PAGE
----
Concerns surrounding hormone-implanted beef not scientifically supported
Posted: March 15th, 2011 - 12:01pm
Source: Feedstuffs Food Link
Can hormone-implanted beef really cause all sorts of detrimental effects in people like colon and breast cancer? This is the question many consumers have today in the face of an onslaught of accusations against conventional beef production. However, the so-called studies and anecdotal accounts have trouble holding water when confronted by the cold, hard numbers on hormone levels in beef from implanted cattle. Beef from hormone-implanted cattle is just as safe to eat as beef from cattle that aren't implanted, but it has the added advantage of saving more of our natural resources.
There are many implants available on the market today for cattle. All these implants have been approved after rigorous testing by the FDA. These implants are the same or chemically similar to the natural hormones produced in the animal. They are placed under the skin on the back of the ear.
Implants work by increasing the amount of hormones the animal naturally produces to regulate growth, making the animal's body more efficient at utilizing nutrients to lay down bone, muscle and fat. This leads to the animal being 5 to 10 percent better at using consumed feed and gaining 5 to 15 percent more body weight daily compared to an animal that was not implanted.
Androgenic (compounds similar to testosterone) implants will have an additional 2 to 3 percent feed efficiency and 3 to 5 percent higher daily gains over the aforementioned values.
The benefits of these gains are tremendous in both economic and environmental terms. A cattle producer can use less feed for every pound of beef raised, helping that producer meet the bottom line. Environmentally, fewer natural resources are used to produce a greater amount of beef, thereby saving those resources for other uses.
The implications of increased beef production are even more profound for world protein production. According to Weiert Velle in an article from the Joint FAO/WHO Expert Committee on Food Additives, the ability to produce more edible protein for every unit of energy used is of great importance in a world lacking in protein supplies. According to the FAO, world meat consumption will rise from 233 million tons to 300 million tons by 2020.
The most important question with any supplement to a meat animal is safety and residues. The implants used today have a stunning track record in both categories. Research through multiple agencies has not linked consumption of higher-than-normal hormone residues in meat with any negative effect on human health. This includes false assumption that hormone residues in meat cause the early onset of puberty in girls.
This is because the difference in hormones in implanted beef is minuscule. Data provided by Meat and Livestock Australia shows that a 100 gram portion of beef implanted with an estrogen hormone will have 2 nanograms of oestrogen in it, while a nonimplanted portion of beef will have 1.4 nanograms of oestrogen in it.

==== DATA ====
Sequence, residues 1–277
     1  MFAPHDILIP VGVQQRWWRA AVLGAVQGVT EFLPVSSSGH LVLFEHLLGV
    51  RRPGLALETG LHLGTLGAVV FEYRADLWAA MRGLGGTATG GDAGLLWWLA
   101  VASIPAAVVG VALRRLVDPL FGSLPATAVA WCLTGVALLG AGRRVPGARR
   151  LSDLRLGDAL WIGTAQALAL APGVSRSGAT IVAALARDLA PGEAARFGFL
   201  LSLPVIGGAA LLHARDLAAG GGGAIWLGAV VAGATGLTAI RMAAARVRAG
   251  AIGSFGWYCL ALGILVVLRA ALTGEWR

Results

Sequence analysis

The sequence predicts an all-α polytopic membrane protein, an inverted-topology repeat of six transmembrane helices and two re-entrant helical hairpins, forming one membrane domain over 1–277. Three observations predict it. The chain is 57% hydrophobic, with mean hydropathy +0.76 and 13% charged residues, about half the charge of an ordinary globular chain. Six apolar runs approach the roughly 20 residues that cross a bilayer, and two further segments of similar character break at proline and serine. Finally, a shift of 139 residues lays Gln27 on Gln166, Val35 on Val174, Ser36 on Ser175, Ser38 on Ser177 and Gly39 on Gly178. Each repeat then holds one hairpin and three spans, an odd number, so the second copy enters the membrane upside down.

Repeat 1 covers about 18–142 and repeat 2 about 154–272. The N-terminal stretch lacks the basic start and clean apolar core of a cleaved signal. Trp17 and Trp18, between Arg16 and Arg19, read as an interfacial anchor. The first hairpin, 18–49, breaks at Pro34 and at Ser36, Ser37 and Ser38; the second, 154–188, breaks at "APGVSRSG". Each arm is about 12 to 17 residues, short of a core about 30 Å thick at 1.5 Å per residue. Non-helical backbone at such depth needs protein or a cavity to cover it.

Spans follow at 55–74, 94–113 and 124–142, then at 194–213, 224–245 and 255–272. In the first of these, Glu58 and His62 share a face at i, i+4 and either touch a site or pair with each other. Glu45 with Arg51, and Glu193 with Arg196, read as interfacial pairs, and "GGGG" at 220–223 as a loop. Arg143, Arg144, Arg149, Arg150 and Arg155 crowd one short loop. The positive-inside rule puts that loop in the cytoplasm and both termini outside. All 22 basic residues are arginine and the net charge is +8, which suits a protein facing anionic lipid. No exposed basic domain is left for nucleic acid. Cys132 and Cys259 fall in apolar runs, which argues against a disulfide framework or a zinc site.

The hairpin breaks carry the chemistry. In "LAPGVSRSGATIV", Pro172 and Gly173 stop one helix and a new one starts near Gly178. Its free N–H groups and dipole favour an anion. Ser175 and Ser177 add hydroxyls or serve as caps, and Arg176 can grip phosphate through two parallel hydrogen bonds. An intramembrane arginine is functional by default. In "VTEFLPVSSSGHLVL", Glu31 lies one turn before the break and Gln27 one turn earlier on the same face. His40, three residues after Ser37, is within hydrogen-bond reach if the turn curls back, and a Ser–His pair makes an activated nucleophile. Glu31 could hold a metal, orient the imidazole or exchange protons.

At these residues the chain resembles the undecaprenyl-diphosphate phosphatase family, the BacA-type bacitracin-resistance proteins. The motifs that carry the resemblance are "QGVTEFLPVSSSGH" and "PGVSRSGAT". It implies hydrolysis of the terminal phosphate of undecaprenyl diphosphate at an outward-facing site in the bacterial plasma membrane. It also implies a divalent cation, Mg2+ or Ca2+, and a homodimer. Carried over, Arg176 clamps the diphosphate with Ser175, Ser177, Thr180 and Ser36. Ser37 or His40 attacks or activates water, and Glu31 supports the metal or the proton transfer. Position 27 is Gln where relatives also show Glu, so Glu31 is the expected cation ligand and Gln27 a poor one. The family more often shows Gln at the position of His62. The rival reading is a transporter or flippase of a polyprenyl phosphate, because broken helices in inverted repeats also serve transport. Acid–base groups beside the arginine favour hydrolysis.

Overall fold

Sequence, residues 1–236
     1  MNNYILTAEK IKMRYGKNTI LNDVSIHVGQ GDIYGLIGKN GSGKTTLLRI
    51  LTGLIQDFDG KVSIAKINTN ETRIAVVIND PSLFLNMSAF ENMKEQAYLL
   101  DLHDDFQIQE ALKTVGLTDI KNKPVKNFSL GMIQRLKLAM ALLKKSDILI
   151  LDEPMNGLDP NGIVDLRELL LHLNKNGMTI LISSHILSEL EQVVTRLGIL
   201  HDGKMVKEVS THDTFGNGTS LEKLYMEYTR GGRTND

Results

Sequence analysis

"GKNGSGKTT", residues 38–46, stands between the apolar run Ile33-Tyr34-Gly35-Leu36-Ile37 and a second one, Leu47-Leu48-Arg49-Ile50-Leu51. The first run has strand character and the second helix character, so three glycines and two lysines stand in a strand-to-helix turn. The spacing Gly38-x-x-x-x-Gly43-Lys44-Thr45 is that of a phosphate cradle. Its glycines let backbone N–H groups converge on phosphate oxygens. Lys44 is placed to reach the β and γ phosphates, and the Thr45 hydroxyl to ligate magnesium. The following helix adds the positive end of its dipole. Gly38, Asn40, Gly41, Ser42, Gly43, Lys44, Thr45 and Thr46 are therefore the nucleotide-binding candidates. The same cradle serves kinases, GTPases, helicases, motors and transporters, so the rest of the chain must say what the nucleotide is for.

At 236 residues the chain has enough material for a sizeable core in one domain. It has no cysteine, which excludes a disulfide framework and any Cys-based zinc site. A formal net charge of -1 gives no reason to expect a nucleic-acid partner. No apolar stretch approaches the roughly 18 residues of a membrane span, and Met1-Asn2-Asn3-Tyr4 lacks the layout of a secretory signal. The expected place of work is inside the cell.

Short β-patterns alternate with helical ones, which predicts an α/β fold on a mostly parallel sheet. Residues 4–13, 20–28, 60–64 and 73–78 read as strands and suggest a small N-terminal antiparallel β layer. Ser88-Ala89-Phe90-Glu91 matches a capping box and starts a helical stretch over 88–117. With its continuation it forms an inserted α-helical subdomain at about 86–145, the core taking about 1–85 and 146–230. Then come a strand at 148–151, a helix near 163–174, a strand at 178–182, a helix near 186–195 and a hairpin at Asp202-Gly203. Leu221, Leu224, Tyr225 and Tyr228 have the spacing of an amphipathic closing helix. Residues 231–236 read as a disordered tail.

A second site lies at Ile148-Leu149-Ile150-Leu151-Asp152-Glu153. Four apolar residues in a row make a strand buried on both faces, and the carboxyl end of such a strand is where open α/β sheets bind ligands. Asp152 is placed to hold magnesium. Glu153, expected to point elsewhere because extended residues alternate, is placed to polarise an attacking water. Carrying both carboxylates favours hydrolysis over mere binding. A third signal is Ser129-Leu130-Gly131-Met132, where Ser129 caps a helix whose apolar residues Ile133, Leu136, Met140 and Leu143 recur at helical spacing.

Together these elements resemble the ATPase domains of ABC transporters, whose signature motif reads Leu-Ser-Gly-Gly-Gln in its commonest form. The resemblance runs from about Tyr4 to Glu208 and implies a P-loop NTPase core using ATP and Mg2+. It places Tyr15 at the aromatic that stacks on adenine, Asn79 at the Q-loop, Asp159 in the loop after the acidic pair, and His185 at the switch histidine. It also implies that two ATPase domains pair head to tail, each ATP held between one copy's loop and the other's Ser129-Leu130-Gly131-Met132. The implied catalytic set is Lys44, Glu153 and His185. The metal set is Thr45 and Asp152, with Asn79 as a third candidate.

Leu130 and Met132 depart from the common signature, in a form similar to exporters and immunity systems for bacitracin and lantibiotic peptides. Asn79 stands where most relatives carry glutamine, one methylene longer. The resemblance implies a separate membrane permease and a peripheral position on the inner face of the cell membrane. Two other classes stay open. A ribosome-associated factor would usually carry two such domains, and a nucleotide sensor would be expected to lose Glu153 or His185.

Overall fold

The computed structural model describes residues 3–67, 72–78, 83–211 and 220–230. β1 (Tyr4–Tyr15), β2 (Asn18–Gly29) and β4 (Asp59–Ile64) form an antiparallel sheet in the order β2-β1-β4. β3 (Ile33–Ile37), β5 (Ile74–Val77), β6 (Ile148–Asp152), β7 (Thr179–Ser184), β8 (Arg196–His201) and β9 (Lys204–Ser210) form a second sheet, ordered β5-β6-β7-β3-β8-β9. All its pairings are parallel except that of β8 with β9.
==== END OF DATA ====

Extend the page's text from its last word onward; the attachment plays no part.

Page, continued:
What makes this even less of an issue is by comparing the levels of hormones in implanted beef versus other food's natural levels of estrogens. There is 77 times more estrogen in one egg than there is in a portion of implanted beef. Cabbage is even more pronounced, having 200 times more estrogen than beef from an implanted steer. If food was causing human health effects due to its hormone content, wouldn't cabbage cause a far greater effect than beef?
On top of this, the FDA has a limit on allowable hormone levels in beef that have been implanted.
Their limit for estrogen is 21 billionths of a gram. On average, American beef has 0.3 billionths of a gram of estrogens in it, making it 70 times lower than the limit. According to the 2005 report by the USDA, the total number of hormone residue violations was zero. With the mountain of data supporting the safety of hormone use, it is apparent why the FDA, the World Organization for Animal Health and the Codex Alimentarius Commission (the FAO/WHO Food Standards Commission) all agree that implanted beef is safe to eat.
In spite of all the scientific evidence, the European Union has banned implants. The World Trade Organization ruled in 1998 that the EU ban was unsupported with science and in violation of WTO standards.
In short, hormone implants are a win-win-win for the cattle producer, the world's protein supply and the environment. They are absolutely safe and effective. And honestly, if beef from implanted cattle really had massive amounts of hormones in it, wouldn't body builders be eating it by the bucket-load instead of using steroids?
Jake Geis is a second-year veterinary student at the University of Nebraska.